"What do you want the photo to say?" is one of the first questions I always ask clients before starting a new assignment. The answer helps guide me while executing the vision. Just today, I re-learned that what the photo says to me is not necessarily what it says to another person–like the editor.
On and off for the past month I've been working on a story about a system of rigorous farming techniques developed by the founder of the Waldorf School, Rudolf Steiner. Called Biodynamics, it's organic farming, which prohibits the use of synthetic pesticides and herbicides, but with an overlay of Steiner's holistic philosophy and the use of homeopathic-like preparations. Today, an increasing number of vineyards and wineries–especially in Oregon–are adopting Steiner's intensive techniques.
Since Steiner taught that the whole environment, moon and other planets influenced vineyard plant growth, I wanted to create a photograph illustrating the concepts. Somehow I wanted an ethereal, other planet-like feeling with the moon dominating the sky over the vineyard. So I went to the Doe Ridge Biodynamic vineyard on a full moon night, set up my shot with the rolling hills in the background and the full moon dominating the sky. Perfect.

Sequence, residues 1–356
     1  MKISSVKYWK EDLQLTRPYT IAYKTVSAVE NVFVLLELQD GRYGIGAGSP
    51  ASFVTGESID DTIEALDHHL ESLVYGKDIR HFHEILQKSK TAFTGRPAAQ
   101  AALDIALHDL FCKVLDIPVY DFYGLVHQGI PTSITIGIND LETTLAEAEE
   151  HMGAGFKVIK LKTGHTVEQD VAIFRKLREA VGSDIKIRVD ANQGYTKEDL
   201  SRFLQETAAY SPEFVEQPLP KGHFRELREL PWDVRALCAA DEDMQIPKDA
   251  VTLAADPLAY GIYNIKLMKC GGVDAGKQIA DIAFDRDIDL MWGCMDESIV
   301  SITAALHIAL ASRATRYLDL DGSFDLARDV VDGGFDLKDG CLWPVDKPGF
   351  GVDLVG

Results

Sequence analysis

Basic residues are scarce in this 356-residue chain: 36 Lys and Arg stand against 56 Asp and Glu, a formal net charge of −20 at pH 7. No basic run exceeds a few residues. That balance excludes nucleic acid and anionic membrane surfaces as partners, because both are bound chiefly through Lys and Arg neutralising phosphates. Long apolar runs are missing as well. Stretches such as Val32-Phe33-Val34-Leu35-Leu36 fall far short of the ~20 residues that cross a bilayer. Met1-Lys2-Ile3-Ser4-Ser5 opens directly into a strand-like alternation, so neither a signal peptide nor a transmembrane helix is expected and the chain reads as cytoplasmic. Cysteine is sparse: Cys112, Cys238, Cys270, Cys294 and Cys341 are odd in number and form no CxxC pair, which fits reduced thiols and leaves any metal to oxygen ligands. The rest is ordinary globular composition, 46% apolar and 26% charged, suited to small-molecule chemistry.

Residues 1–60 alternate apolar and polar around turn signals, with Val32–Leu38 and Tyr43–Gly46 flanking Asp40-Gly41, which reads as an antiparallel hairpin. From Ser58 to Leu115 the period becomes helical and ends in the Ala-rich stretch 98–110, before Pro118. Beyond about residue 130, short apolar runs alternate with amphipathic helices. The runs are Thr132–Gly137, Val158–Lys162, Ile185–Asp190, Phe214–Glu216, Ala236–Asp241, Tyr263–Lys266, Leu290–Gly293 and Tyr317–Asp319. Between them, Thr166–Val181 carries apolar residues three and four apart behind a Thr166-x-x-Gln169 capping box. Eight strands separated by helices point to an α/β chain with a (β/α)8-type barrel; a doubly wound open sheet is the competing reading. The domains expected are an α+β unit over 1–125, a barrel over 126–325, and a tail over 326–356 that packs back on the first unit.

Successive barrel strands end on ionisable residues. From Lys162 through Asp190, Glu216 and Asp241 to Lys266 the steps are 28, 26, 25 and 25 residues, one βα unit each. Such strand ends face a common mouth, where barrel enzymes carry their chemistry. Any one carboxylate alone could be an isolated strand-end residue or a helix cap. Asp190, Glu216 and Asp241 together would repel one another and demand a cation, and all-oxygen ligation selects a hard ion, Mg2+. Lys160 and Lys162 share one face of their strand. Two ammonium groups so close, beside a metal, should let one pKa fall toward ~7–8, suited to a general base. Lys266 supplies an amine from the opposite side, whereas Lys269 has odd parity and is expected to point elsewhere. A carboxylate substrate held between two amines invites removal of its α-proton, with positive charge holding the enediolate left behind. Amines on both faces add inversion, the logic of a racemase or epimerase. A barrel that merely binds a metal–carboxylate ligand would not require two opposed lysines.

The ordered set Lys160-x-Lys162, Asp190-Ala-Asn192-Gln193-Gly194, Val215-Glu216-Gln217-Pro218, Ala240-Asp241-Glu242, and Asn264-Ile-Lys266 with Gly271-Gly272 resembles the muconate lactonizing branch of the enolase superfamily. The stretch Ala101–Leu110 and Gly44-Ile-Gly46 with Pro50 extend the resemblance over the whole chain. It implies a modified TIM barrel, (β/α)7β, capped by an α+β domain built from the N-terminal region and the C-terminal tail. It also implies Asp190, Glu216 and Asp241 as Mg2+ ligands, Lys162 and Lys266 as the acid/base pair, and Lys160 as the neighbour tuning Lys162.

But how to make it feel ethereal and other-planet like? I didn't have any preconceptions, so I winged it. Setting my D3 on a tripod, I stopped down to f14 with ISO set at 200 so I could have a long exposure–81 seconds. After clicking the shutter, I ran up and down the vineyard rows manually flashing my Nikon SB 900 strobe holding a bluish filter over the head to light the posts and vines. Using the small aperture creates the starburst effect.
I liked the look, but wasn't sure the photo really illustrated Steiner's ideas. I haven't spoken with the editor, but her choices spoke. While she was suppose to choose 3 total photos to illustrate the story, she chose 9, which always feels good. But she didn't choose this one.
What do you think? What does this photo say to you?